Denver’s theme parks are experiencing a resurgence amid a national recession, as demand for its attractions and tourism numbers are growing.
But while the city’s parks are getting bigger, the industry has been hit hard by an economic downturn, as people move to cities such as Las Vegas, Chicago, San Francisco and elsewhere.
The National Association of Theme Parks and Attractions has warned that the number of new park openings this year will be less than half of the 4.3 million the industry had hoped for last year.
The NATA also cited a dip in revenue and attendance as a major factor in the industry’s woes.
In Denver, the average visitor to the parks has fallen to $4,500, down from $5,800 last year, according to NATA data.
That compares with a peak of $9,400 in 2011.
The city’s number of visitors also dropped last year to 1.1 million, according the NATA.
The number of rides, including roller coasters, has been declining for years, as park operators have moved to cheaper, more accessible locations.
The parks have been losing money, too, but that is a symptom of a broader decline in visitors and spending, according Matt Loeser, the chief operating officer for the parks.
He blames a mix of factors, including the recession, the lack of an economic recovery and a reduction in state and local taxes that make it difficult for theme parks to make up the difference.
“They have had a rough time,” Loeserr said.
“We don’t want to say the industry is dying, but it is declining in its number of visits.
That’s not good.”
A growing number of guests are turning to social media, especially on social media sites such as Instagram, to keep up with the parks and their guests.
The Denver Post reported last week that social media users were using social media more to get information on theme parks than to stay in touch with the companies that lease them.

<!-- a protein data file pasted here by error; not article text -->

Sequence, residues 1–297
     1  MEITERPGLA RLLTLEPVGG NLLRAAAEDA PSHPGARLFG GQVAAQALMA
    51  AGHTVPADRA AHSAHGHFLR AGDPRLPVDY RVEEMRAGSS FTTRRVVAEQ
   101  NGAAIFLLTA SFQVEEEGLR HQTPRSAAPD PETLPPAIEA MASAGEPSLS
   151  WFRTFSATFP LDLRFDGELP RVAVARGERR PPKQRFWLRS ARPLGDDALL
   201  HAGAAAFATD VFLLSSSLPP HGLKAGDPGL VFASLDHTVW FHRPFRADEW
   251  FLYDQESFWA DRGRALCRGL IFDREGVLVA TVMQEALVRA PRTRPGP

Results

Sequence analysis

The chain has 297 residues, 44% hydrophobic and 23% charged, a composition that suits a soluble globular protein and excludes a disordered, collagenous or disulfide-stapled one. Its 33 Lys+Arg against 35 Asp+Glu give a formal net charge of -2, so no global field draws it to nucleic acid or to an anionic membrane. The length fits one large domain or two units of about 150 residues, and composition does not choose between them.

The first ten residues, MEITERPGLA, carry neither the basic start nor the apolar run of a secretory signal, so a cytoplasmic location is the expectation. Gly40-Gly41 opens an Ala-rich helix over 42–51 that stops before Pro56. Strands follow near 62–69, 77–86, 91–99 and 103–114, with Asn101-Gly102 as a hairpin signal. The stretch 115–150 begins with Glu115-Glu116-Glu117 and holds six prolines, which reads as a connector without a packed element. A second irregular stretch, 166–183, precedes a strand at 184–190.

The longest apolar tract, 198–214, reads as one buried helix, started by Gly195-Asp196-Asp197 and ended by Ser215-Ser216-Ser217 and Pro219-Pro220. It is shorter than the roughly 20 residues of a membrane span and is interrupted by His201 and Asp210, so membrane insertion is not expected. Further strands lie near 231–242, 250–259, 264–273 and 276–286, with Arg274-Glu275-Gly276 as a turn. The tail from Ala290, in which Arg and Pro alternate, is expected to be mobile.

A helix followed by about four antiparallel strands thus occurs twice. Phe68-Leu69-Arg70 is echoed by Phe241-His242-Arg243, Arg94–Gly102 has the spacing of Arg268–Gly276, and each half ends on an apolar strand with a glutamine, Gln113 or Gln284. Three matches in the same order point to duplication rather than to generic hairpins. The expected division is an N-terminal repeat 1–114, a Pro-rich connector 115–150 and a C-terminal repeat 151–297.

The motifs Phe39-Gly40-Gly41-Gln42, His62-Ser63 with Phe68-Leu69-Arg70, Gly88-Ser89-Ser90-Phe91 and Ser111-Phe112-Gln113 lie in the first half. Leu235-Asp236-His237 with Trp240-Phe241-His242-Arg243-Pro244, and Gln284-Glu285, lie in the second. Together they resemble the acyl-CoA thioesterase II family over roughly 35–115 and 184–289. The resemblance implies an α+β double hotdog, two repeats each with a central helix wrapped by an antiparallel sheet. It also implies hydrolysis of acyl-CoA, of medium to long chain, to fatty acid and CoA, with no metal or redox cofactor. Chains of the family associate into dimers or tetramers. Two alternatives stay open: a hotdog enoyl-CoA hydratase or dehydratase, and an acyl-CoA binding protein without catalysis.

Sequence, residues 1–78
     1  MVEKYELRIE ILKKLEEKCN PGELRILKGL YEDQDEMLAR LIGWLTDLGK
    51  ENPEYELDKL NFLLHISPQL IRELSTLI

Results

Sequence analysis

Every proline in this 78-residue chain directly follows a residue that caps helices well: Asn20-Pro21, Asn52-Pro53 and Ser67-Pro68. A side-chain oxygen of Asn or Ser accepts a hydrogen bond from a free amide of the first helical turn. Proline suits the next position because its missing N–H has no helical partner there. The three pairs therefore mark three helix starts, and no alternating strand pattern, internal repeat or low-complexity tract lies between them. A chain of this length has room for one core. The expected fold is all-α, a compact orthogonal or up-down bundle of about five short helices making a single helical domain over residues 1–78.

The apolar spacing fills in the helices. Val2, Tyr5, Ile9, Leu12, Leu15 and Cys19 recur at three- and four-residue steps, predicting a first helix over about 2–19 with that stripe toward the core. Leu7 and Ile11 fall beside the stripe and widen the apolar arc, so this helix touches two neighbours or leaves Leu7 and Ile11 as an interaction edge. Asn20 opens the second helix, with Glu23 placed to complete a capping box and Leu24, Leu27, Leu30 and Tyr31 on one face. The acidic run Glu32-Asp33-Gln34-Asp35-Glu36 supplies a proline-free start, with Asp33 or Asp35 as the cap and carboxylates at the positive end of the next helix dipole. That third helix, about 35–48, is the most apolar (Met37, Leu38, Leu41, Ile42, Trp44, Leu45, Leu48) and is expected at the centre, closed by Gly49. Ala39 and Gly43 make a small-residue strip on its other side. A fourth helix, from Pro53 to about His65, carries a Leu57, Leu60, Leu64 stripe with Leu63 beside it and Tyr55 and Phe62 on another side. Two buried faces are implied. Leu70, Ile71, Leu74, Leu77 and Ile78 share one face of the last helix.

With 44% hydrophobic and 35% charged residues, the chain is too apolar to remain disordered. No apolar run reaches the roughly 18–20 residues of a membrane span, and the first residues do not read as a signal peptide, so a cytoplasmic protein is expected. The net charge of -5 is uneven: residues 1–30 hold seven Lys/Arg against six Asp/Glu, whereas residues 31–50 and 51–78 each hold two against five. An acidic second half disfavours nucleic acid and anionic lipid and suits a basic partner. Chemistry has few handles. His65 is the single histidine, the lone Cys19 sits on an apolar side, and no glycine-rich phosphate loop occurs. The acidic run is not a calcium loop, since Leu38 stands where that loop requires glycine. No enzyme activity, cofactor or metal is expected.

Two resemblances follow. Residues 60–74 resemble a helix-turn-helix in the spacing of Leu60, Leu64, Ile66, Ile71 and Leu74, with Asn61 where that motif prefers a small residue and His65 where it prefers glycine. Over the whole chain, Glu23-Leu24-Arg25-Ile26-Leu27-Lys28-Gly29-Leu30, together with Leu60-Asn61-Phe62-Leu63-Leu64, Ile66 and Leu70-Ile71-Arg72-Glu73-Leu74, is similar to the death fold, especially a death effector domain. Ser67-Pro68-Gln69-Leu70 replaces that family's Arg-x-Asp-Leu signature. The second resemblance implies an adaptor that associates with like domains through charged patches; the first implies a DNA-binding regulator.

The Post said theme park operators are not being able to keep pace with the growing popularity of social media.
The industry is also facing challenges in its advertising.
Loesering said theme parks have tried to sell more merchandise, but have not yet succeeded.
And a number of theme parks, including Universal Studios and Epcot, are struggling to sell merchandise to the public.
“It’s a little bit like an iceberg that’s been pushed by water, and the water is melting,” Loeers said.
The trend is likely to continue as park visitation and attendance have been declining.
Loeer said he expects the parks to be losing money and that many will need to cut back on spending.
Loeser said theme-park operators are still focused on their main revenue streams, including ticket sales and merchandise sales, but they are also trying to grow the industry by increasing visitor counts.
The decline in visitation is expected to be temporary, as theme-parks begin to open up again, and theme-attractions become more popular, Loesers said, adding that many theme parks also are working to diversify their attractions, including adding water attractions and new attractions.